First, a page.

4. Not boring for everyone. Many of our students are fascinated by this stuff and attack the subject matter with gusto. Agree re: aligning curriculum with high school STEM program. Found some good resources / ideas over here: I'm one of Alan's students. The day I decided to turn my UAS into a commercial business I couldn't stop thinking about it. After signing up for Alan's course I listened to and dissected every line with enthusiasm. I wanted to know every aspect of how to operate a successful UAS business and what the FAA required me to know and do. I went through Allen's course twice! not because I didn't think I couldn't pass the test the first time I went through it, but because I wanted to devour and master every aspect of this curriculum for my own knowledge and growth as UAS pilot. Lastly, to run any business successfully there is a tremendous amount of blood, sweat, and tears behind the scenes. There is licensing, insurance, website advertising, promotions, accounting, maintenance, record keeping, login information and flight,s and financial investing just to name a few. Flying is what we all thoroughly enjoyed doing. However if and when we decide to integrate that into a business we must take on the 90% behind the scenes. Safe and happy flying to all..
  5. I just want to say thank you to all that had commented on my question. You have all been very helpful. Happy flying!
  6. Everybody knows that a commercial pilot must first get a waiver to fly at night. But my question is, do hobbyists fall under the same criteria? If you're licensed pilot but you're not flying at the time for money can you fly at night without a waiver? Can a hobbyist that is not a commercial pilot flight at night? Any help to clear this up would be greatly appreciated.
  7. Hi, Av8Chuck, I'm flying the inspired 2 what the X5S camera. Does that camera have high enough resolution to do the job? Also could you tell me exactly what these companies are looking for an inspection. Are they looking for serial numbers, cracks, mix, gouges in the blade? Do you need an infrared camera or are aerial inspections done without one? Also what's the best way to get a hold of these companies to get in the door? I know you hear these questions probably quite often, but I committed to getting these answers and finding a way to get in the door. Thank you for all your input and help.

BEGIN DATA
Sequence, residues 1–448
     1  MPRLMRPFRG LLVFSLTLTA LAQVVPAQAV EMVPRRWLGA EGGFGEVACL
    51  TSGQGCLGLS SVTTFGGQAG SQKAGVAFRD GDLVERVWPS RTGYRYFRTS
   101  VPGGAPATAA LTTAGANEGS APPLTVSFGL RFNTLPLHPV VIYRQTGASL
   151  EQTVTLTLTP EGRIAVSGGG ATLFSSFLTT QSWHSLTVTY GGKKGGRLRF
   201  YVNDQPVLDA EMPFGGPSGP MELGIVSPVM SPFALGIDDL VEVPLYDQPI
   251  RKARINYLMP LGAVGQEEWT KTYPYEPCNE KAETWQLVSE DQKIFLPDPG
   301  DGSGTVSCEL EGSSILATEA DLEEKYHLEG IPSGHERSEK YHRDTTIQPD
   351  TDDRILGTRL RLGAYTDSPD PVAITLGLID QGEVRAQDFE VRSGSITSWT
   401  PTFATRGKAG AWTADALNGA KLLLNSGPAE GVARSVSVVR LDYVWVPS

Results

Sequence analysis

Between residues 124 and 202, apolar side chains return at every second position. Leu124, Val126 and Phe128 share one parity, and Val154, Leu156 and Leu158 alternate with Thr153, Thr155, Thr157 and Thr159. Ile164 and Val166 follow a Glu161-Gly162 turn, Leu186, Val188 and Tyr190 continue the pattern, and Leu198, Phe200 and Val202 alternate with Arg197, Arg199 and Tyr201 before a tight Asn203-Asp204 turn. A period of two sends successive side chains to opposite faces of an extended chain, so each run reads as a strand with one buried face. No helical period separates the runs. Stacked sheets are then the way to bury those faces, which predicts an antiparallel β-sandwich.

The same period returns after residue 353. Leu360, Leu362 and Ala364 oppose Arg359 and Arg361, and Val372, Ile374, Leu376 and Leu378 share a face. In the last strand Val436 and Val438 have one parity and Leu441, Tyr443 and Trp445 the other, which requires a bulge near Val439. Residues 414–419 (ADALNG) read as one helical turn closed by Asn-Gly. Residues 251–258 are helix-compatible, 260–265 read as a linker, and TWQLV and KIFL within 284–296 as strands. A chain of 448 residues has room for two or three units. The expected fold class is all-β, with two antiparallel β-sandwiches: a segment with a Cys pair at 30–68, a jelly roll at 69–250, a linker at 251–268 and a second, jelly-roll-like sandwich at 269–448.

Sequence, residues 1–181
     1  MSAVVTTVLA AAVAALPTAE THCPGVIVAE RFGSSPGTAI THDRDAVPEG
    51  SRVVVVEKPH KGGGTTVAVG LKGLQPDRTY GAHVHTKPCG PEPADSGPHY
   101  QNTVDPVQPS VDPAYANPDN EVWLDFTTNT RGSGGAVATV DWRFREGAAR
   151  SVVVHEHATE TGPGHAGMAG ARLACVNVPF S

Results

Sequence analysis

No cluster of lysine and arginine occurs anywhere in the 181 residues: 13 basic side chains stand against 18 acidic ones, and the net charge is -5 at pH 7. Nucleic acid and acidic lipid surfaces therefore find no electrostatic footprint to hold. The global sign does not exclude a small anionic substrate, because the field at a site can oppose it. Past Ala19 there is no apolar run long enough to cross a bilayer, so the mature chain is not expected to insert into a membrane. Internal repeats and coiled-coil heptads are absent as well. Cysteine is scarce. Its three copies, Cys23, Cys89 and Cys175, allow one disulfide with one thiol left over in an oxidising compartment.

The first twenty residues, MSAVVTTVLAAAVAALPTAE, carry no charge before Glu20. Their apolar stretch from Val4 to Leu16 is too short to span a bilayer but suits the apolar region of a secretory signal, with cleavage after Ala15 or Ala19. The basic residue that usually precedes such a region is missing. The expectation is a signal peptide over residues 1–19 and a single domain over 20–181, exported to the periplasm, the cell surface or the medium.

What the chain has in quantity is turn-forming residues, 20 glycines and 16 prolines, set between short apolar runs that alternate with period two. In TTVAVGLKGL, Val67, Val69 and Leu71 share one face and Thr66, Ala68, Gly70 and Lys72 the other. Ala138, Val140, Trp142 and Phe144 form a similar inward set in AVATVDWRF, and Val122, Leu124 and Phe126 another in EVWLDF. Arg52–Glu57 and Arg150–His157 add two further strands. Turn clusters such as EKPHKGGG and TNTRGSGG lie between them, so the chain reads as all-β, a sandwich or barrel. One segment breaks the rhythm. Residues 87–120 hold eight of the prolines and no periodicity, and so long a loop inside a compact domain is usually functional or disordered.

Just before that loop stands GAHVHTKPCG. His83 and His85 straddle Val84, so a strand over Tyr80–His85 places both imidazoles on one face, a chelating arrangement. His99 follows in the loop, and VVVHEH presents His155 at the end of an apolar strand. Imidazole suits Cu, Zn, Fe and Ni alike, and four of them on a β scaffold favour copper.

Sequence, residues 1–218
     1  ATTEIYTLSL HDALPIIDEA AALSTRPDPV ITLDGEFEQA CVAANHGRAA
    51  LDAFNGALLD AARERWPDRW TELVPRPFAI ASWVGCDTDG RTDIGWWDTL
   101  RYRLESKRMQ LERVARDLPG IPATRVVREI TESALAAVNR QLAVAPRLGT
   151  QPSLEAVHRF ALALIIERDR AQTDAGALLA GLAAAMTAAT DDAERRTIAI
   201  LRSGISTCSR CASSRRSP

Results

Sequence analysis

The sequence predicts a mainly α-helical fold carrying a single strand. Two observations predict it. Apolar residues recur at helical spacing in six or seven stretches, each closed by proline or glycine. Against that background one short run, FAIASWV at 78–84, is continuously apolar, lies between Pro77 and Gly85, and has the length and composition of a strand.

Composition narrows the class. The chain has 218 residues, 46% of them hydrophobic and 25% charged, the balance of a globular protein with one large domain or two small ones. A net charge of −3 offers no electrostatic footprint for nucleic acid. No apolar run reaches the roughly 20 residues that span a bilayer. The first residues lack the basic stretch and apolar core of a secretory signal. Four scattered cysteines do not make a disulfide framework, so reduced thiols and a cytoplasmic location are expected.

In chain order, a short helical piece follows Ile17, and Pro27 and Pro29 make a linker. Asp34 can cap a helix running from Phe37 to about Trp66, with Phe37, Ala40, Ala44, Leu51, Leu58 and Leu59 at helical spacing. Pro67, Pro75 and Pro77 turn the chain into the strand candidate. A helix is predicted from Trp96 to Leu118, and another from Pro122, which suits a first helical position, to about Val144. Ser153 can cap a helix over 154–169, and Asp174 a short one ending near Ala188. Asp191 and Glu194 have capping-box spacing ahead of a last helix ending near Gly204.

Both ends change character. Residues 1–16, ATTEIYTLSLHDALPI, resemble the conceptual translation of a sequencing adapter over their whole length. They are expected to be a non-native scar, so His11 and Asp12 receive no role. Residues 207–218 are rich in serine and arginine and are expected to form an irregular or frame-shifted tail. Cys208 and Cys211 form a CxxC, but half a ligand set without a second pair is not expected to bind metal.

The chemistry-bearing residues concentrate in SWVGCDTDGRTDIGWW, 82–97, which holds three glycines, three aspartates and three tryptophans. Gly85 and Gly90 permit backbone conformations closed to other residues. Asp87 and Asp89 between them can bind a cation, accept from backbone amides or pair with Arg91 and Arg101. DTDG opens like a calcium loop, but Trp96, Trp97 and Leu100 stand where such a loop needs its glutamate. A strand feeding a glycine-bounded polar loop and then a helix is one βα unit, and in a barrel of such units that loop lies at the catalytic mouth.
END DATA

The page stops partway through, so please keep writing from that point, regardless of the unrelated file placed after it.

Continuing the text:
8. Derrick Ward


    DJI Inspire 2
  9. Thank you for the insight and the input. Very helpful and still researching.
  10. Can a community or a city establish them selfs as a community that does not allow UAS flight. I had a request from a customer to do a cell tower inspection. The cell tower was located in South Jordan Utah. A housing development in South Jordan Utah has stated they do not allow UAS in that community. I don't think they understand the commercial side of this. Can a community or development restrict otherwise legal flight from a commercial 107 licensed pilot? I don't think they have the authority to do this. In every other respect airspace, airports, it's legal to fly. Does anyone know where I can get the documentation to show such a community that a commercial pilot would retain the right to fly? Any help would be greatly appreciated.